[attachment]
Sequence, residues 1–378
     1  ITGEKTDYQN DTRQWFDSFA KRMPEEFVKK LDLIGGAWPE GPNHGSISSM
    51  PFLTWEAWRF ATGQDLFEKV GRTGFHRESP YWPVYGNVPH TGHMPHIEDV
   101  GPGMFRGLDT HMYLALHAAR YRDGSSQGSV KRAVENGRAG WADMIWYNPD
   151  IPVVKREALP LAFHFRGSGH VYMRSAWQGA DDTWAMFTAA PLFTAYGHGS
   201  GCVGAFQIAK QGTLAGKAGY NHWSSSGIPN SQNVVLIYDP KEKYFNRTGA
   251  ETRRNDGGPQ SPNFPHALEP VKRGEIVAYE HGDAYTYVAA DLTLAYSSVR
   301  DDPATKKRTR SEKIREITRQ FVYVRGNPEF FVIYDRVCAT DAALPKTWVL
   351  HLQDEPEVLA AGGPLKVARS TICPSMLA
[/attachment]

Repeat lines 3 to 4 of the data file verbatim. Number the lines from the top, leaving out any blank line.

    51  PFLTWEAWRF ATGQDLFEKV GRTGFHRESP YWPVYGNVPH TGHMPHIEDV
   101  GPGMFRGLDT HMYLALHAAR YRDGSSQGSV KRAVENGRAG WADMIWYNPD